If It's In The Museum, Doesn't That Make It Right?

Earlier this year, the Chicago Field Museum of Natural History opened a new exhibit. Entitled "DNA to Dinosaurs," it purported to chronicle the evolution of life from non-living chemicals to dinosaurs. I visited the museum in September, while in Chicago for a "Back to Genesis" Seminar.

The new exhibit contains many appealing displays, complete with interactive projects for children, multi-media presentations, and lots of truly thrilling fossils. It all seems so "scientific," and yet understandable; however, the discriminating viewer can easily see the museum as an attempt to brainwash visitors in evolution and naturalism.

In order to establish our evolutionary origins, the museum tells less than "the whole truth" in a number of instances. For example, in the introductory room appears a reconstruction of Neanderthal man as an ape-man, but the caption stated: "We now know that he stood upright and was human and that his skeleton was deformed by arthritis." True enough, but what will the viewer take away from the exhibit? That man came from the apes.

There is a "time" room where it is claimed that "solid rock tells time like a clock." Fossils are identified as the key to dating rocks, all based on evolution. Potassium-argon dating and magnetic anomaly dating are mentioned as if they are reliable and accurate. No mention of the many recognized uncertainties can be found.

Progressing through the rooms we see that non-living chemicals just sprang to life in a reducing environment. By dividing, eventually they became a variety of complex organisms. Stanley Millers amino acid experiments are prominently displayed. Life somehow diverged into plants and animals.

In the mutation room a sign states, "You are the product of countless mutations ... All life stems from one common ancestor, a single cell living in a warm sea."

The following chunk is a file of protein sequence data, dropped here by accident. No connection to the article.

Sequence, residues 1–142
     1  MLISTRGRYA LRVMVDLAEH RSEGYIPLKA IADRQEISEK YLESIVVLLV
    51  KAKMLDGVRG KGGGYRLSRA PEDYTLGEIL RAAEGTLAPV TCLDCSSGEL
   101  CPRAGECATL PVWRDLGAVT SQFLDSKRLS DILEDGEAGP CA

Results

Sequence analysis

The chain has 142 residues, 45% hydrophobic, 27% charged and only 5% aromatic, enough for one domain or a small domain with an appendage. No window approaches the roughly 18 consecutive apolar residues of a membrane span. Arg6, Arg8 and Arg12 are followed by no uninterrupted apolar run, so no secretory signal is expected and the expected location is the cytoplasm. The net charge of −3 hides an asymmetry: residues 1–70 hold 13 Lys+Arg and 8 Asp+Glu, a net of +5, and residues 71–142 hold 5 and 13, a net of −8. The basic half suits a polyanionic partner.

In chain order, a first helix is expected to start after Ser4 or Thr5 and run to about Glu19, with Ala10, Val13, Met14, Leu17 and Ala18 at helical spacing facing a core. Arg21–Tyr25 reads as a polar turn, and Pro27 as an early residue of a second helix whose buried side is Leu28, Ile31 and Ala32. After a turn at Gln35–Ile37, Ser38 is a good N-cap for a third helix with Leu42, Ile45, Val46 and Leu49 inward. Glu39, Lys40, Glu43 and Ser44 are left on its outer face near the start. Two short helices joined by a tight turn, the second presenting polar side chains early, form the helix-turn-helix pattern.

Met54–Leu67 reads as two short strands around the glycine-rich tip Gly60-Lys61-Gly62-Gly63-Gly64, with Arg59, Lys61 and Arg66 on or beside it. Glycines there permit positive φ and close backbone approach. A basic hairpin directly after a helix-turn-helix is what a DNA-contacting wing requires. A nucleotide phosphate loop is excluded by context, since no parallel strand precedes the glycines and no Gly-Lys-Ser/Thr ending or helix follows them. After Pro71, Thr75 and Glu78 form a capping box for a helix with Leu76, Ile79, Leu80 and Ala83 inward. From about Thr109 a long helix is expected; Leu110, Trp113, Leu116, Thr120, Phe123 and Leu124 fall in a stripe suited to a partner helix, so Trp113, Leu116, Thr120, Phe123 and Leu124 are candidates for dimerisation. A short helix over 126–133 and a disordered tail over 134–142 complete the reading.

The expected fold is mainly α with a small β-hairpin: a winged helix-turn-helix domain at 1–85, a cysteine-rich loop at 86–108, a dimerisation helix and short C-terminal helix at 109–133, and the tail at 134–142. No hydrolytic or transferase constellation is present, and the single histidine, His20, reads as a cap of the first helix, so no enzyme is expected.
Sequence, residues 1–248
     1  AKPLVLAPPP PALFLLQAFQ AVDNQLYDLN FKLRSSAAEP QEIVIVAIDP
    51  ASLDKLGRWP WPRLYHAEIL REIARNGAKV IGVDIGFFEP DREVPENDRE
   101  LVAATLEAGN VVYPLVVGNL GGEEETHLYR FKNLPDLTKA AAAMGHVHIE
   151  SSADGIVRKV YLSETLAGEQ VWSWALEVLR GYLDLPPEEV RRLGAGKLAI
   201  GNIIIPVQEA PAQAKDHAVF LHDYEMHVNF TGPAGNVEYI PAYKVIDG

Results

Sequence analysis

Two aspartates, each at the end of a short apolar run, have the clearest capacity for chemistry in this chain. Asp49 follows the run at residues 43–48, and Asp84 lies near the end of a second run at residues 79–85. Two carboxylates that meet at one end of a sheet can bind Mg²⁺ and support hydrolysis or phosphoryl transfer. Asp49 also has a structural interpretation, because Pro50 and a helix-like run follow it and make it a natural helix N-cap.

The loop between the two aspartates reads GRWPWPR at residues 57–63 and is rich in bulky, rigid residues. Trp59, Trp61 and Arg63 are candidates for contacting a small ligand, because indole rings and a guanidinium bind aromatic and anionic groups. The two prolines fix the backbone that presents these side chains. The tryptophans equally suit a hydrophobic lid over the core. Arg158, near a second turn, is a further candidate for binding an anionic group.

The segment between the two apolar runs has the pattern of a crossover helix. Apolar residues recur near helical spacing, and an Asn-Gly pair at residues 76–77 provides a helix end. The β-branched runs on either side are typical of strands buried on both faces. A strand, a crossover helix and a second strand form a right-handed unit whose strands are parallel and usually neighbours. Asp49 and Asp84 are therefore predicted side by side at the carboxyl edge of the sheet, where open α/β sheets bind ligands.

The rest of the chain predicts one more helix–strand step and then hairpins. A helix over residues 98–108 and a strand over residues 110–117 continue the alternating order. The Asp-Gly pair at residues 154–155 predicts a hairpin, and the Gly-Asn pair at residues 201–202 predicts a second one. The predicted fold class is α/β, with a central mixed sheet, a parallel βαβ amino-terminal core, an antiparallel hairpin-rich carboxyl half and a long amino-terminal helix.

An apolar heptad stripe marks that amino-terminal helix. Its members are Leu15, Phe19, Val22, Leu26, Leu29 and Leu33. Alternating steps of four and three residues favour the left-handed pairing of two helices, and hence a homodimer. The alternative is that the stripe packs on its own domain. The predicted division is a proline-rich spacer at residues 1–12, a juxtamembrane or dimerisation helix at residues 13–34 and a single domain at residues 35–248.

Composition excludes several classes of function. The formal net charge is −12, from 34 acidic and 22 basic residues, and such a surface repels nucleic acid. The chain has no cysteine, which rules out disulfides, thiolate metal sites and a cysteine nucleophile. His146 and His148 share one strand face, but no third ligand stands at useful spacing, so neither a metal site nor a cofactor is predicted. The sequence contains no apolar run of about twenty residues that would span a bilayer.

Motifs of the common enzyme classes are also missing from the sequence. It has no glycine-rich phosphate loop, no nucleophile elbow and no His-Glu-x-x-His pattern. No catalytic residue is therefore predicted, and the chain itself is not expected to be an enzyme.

The shift in color of the peppered moth is mentioned, but not explained. Scientists know this has nothing to do with evolution, but visitors don't. It is admitted that both colors are of the same species and the color shift is identified as adaptation, but then the signs claim adaptation is evolution. The list of faulty and discredited claims could go on and on. Land animals came from lungfishes, porpoises had four-legged ancestors, humans evolved from Homo erectus.

Another theme throughout the museum is that man is the enemy of nature, "causing mass extinctions—altering the environment." Yet another exhibit asks, "is life just a game of craps?" All things are the result of blind chance and humans just happened.

Bulletin boards placed throughout proved interesting. Visitors were encouraged to write a message for others to read. Many had written creationist messages, some quite eloquent.

All in all, I felt the museum to be a valuable experience, and parents should not hesitate to take their children. But before going, they should explain clearly the difference between observed facts and naturalistic speculations about unobserved history. Then the museum can be a positive experience.

The museum itself could solve this problem by changing its name. It should properly be called The Museum of Naturalistic Speculation About History. We believe, of course, that ICR's Museum of Creation and Earth History gives a much more accurate interpretation of the past.

*Dr. John Morris is the President of ICR.

Cite this article: John D. Morris, Ph.D. 1995. If It's In The Museum, Doesn't That Make It Right?. Acts & Facts. 24 (1).


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